305: Elimination Diets, Food Fear + Healing Skin Rashes {NEW RESEARCH}

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If you’ve ever tried eliminating foods to help your skin rashes, I want to share some newly published research on elimination diets + food fear.

This research is extremely eye-opening AND troubling simply because it tells us that there is a very significant + real risk of wrecking your relationship with food.

I’m not saying that improving the nutrient quality or diet diversity is a bad thing.

But elimination diets (regardless of health concerns) can be an extremely slippery slope to disordered eating or even eating disorders.

So let’s talk about how this happens and what the data tells us!

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In this episode:

  • Why people try elimination diets for their skin
  • The disturbing trend I see as a clinical nutritionist (working with skin problems)
  • Most common thing people do first when they start to flare up
  • Research on the incidence of food fear from elimination diets for chronic skin conditions
  • What if you have a history of an eating disorder?
  • When to ask for help so you don’t end up with an eating disorder


The Effects of Food Elimination Diets for Dermatological Conditions on Physical + Mental Health (POSTER)


Health problems can inspire substantial shifts in diet + lifestyle BUT, there’s a point where these changes can become counterproductive + even harmful.

I generally do NOT recommend eliminations for people with a history of an eating disorder unless they are working with a therapist trained in this area.


scientist looking into microscope in research laboratory

305: Elimination Diets, Food Fear + Healing Skin Rashes {NEW RESEARCH} (FULL TRANSCRIPT)

Welcome back to episode #305 of the Healthy Skin Show!

In today’s episode, I want to talk about the new research that shows the worrisome connection to food elimination diets used to help your skin.

So if you’ve ever thought about changing your diet or eliminating certain foods to see if it will help your eczema, psoriasis, acne, rosacea, dandruff, hives, etc., this is for you.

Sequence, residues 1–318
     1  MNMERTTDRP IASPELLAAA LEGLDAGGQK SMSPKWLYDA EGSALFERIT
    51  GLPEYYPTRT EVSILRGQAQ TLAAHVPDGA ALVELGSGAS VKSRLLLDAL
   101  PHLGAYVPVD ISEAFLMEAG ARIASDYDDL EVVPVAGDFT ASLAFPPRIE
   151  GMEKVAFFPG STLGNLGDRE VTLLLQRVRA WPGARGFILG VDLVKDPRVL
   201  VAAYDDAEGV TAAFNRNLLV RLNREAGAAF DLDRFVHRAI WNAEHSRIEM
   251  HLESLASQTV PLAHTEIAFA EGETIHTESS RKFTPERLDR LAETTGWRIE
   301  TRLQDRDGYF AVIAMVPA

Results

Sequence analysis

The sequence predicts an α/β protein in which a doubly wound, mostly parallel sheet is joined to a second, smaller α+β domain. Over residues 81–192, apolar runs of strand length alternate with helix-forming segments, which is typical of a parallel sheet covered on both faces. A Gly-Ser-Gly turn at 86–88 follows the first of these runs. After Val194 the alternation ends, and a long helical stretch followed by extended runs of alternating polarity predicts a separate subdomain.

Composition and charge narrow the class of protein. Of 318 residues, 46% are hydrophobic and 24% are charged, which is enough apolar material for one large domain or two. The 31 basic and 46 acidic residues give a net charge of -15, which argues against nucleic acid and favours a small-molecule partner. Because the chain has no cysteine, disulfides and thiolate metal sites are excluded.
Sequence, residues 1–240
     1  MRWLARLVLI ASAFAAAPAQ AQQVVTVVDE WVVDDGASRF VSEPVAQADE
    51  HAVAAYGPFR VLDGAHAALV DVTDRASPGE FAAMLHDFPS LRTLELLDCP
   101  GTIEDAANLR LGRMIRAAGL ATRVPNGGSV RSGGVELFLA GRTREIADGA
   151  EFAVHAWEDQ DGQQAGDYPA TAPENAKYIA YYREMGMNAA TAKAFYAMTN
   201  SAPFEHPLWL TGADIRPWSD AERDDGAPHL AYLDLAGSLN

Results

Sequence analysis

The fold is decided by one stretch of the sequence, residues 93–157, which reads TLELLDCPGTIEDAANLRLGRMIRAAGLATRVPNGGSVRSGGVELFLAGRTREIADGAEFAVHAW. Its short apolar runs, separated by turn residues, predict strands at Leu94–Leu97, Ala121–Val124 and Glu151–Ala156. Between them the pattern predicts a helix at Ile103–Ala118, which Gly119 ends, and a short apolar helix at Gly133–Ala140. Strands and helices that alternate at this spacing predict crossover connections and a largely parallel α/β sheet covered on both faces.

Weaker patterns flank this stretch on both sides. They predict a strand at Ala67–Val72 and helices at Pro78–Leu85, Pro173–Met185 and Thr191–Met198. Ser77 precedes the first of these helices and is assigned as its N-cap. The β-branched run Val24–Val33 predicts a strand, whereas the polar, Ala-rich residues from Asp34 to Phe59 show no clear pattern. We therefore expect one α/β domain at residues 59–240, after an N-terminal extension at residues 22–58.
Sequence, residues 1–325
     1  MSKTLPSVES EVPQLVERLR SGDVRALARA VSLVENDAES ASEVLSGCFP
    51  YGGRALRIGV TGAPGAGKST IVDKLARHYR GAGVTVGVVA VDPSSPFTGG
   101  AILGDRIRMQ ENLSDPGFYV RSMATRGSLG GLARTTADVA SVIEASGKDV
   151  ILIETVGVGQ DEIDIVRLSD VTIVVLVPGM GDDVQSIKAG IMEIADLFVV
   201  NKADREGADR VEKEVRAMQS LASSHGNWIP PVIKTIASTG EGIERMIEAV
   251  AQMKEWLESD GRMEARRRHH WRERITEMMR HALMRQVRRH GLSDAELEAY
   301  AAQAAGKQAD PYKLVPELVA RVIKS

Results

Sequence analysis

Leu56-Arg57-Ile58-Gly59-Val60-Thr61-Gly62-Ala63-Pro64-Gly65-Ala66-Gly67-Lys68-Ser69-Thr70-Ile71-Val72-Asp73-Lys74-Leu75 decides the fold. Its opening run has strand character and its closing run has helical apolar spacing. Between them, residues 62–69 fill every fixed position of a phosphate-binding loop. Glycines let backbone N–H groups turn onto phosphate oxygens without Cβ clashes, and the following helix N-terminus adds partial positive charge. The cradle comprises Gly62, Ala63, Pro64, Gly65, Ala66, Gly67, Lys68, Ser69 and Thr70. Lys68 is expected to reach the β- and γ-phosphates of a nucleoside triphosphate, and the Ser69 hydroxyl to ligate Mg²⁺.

I know that there are thousands upon thousands of articles, posts, videos + other content online that discusses and even recommends various restrictive eating plans that may be called something like eczema diet or psoriasis diet.

Or could even appear if you search for phrases like trigger foods for acne, trigger foods for eczema or trigger foods for rosacea.

They all make grand promises of helping you identify your trigger foods, reduce inflammation and even heal your skin…

So long as you stay on your elimination diet + continue to avoid your trigger foods.

For some, the list of foods to avoid can be one or two foods while others end up with a really lengthy list of food triggers!

While I’m all for improving nutrient density + diet diversity as a licensed clinical nutritionist, new research confirms something I’ve worried about for quite some time.

That the use of elimination diets can backfire + deeply harm your relationship with food.

AND could make your skin rashes even worse!

So let’s talk about what’s going on here, where things with elimination diets can go sideways + what to do if you’re already struggling with a lot of food fear and your tendency is to restrict even more as soon as you feel a flare come on!


empty plate from elimination diet

Why Elimination Diets Are Used To Help Skin Problems

Before we dive into the research, I think it’s important to set the stage because I very much understand wanting to make changes that could positively impact your health + your skin.